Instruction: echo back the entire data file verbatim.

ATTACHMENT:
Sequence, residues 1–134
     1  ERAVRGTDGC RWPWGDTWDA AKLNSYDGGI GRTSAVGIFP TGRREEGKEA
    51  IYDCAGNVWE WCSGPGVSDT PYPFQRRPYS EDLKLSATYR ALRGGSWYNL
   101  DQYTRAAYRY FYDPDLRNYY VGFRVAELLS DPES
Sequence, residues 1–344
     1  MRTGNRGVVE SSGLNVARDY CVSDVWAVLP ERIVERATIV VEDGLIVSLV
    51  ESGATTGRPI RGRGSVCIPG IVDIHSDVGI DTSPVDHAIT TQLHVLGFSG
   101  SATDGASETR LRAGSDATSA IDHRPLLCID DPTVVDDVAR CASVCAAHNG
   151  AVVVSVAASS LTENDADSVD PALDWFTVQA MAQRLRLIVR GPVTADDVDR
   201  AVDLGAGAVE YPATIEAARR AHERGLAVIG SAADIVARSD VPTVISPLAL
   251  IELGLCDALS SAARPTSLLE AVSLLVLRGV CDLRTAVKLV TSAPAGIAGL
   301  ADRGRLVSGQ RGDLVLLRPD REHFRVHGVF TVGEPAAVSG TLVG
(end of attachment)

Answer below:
Sequence, residues 1–134
     1  ERAVRGTDGC RWPWGDTWDA AKLNSYDGGI GRTSAVGIFP TGRREEGKEA
    51  IYDCAGNVWE WCSGPGVSDT PYPFQRRPYS EDLKLSATYR ALRGGSWYNL
   101  DQYTRAAYRY FYDPDLRNYY VGFRVAELLS DPES
Sequence, residues 1–344
     1  MRTGNRGVVE SSGLNVARDY CVSDVWAVLP ERIVERATIV VEDGLIVSLV
    51  ESGATTGRPI RGRGSVCIPG IVDIHSDVGI DTSPVDHAIT TQLHVLGFSG
   101  SATDGASETR LRAGSDATSA IDHRPLLCID DPTVVDDVAR CASVCAAHNG
   151  AVVVSVAASS LTENDADSVD PALDWFTVQA MAQRLRLIVR GPVTADDVDR
   201  AVDLGAGAVE YPATIEAARR AHERGLAVIG SAADIVARSD VPTVISPLAL
   251  IELGLCDALS SAARPTSLLE AVSLLVLRGV CDLRTAVKLV TSAPAGIAGL
   301  ADRGRLVSGQ RGDLVLLRPD REHFRVHGVF TVGEPAAVSG TLVG